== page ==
28. We start by helping you get through the crisis period, then start guiding you to organize your life, understand your rights and help you apply for support and funding to help protect yourself. In the long-term, we offer life-counseling and companionship on the road to building your self-confidence and helping you move towards independent living.


    We can help give you access to legal support, take you to the hospital for treatment or to get an injury report, accompany you to court, go with you back to your home to pick up your stuff.


    Having someone with you to guide you through the process of recovery is very important. Our social workers and life counselors provide these services. Our staff work around the clock so there is always someone at the shelter 24 hours a day if you need support. Outside the shelter, social workers will accompany survivors to court appearances, to the hospital for treatment or injury reports, and on other appointments and errands where you will need help or moral support.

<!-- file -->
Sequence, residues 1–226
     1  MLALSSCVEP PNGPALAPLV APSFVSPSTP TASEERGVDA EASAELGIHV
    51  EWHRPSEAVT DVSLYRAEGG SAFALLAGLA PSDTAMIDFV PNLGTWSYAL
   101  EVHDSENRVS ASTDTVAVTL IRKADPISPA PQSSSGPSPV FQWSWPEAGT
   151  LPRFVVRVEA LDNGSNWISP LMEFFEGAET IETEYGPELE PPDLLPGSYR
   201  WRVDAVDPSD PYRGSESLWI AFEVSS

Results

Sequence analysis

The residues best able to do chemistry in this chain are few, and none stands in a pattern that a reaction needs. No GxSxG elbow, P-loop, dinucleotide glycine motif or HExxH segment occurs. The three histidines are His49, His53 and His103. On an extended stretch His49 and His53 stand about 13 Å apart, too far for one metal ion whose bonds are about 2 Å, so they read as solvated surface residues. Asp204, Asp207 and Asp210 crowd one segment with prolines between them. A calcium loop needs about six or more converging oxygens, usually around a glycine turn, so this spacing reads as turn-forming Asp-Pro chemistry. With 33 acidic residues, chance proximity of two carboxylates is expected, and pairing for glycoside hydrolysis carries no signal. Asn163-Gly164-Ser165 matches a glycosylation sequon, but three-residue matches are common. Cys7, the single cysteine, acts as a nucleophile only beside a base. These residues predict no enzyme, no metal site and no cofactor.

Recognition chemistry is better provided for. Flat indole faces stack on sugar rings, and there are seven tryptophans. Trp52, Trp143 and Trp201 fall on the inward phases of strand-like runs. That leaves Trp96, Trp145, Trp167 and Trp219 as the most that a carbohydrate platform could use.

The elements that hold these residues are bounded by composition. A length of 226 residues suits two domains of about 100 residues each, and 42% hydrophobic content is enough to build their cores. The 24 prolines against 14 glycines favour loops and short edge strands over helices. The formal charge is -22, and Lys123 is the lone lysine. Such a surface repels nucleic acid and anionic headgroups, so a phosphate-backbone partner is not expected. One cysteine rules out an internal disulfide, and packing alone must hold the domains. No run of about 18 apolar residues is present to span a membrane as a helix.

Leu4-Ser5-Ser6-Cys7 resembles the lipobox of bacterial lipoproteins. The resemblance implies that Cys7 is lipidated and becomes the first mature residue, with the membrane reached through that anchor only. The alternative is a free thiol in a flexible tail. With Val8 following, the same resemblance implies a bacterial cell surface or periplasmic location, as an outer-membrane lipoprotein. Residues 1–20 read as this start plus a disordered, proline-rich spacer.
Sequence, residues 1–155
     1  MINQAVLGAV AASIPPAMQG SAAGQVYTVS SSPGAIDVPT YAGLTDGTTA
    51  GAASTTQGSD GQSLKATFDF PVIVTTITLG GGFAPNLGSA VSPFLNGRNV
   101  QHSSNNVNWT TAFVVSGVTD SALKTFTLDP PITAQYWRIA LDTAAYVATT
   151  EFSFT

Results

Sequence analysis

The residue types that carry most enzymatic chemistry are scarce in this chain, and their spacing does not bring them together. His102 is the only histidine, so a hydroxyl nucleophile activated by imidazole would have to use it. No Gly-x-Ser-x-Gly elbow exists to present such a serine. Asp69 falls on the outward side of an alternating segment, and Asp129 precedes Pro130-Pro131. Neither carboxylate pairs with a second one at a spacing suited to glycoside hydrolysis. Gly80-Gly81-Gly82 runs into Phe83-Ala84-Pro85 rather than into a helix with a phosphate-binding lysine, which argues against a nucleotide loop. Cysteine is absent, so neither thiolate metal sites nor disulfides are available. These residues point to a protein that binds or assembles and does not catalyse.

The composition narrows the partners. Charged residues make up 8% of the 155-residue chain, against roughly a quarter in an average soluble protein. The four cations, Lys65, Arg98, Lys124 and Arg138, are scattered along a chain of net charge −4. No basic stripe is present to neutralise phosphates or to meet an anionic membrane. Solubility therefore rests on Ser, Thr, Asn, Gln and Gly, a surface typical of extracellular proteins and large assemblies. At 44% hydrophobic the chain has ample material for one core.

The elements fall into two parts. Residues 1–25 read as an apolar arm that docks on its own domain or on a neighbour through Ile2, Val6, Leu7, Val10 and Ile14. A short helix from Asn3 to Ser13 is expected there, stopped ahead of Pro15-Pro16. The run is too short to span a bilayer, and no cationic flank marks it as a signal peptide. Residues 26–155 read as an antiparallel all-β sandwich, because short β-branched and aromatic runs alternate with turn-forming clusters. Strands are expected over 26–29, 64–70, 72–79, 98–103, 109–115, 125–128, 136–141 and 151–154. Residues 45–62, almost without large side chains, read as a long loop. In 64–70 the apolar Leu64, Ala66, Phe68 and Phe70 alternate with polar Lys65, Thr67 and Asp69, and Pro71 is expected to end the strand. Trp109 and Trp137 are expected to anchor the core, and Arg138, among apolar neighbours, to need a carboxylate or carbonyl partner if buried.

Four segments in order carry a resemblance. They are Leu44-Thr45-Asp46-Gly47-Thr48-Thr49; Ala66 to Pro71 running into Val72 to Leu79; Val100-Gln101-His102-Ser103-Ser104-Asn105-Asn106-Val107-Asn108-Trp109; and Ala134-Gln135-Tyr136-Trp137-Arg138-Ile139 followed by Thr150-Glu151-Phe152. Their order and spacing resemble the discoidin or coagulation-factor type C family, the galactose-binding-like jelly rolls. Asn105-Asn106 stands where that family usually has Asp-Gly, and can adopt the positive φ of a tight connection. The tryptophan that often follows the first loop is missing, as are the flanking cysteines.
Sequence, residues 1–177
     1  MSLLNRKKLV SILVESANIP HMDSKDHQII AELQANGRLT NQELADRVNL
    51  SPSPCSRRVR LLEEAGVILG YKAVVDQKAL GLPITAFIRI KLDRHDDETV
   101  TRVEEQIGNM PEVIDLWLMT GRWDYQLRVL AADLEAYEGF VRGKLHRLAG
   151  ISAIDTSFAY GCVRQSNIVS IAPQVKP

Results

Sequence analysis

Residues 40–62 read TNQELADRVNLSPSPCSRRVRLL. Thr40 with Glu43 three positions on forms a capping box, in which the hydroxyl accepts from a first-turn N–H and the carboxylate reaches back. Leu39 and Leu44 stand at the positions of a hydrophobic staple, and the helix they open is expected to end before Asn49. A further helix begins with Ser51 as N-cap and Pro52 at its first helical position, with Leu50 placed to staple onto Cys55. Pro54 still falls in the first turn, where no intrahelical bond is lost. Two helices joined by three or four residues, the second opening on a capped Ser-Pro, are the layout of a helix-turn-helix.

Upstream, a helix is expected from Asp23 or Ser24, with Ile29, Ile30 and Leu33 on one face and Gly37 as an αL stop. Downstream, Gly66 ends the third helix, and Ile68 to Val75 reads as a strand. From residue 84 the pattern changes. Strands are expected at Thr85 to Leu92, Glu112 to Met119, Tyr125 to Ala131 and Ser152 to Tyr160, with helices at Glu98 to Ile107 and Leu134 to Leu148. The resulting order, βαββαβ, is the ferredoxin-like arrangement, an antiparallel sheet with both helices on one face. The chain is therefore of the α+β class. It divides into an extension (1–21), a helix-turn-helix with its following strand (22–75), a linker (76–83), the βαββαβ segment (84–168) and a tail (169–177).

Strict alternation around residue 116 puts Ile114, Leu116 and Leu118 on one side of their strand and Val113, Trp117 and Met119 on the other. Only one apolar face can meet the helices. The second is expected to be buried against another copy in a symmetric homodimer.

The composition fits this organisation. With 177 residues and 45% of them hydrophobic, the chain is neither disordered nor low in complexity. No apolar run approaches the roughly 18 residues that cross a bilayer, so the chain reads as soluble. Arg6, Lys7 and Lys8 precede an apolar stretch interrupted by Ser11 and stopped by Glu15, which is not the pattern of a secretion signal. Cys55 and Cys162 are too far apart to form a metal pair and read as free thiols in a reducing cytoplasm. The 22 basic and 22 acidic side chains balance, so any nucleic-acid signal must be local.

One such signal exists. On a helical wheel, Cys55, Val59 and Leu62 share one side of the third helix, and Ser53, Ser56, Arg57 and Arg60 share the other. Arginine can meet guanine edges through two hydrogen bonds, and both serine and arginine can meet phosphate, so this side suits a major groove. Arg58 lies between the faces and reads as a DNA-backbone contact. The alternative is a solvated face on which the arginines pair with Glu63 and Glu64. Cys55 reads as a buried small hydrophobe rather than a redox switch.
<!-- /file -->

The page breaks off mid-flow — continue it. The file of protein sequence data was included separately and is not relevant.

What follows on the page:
As well as one-on-one services, at the GOH’s shelters communal life is an important part of the recovery and rebuilding process. We organize group activities inside and outside the shelter, our spiritual counselors lead group sessions, and we hold day trips so that women and their children can build relationships with each other.


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    At the end of each year, GOH shelters organize family reunions where our former residents come back to see us to catch up, tell us about their latest challenges, and stay connected to our support network. At these reunions women who have been through DV will share their stories to give encouragement to other women or are just embarking on the road to recovery.